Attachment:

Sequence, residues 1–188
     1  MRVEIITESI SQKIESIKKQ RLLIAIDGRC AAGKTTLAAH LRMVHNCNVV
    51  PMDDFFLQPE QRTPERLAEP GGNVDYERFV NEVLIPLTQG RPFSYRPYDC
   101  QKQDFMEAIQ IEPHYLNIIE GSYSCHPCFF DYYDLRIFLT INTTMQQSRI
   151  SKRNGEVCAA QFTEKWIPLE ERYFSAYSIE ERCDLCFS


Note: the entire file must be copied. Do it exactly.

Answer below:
Sequence, residues 1–188
     1  MRVEIITESI SQKIESIKKQ RLLIAIDGRC AAGKTTLAAH LRMVHNCNVV
    51  PMDDFFLQPE QRTPERLAEP GGNVDYERFV NEVLIPLTQG RPFSYRPYDC
   101  QKQDFMEAIQ IEPHYLNIIE GSYSCHPCFF DYYDLRIFLT INTTMQQSRI
   151  SKRNGEVCAA QFTEKWIPLE ERYFSAYSIE ERCDLCFS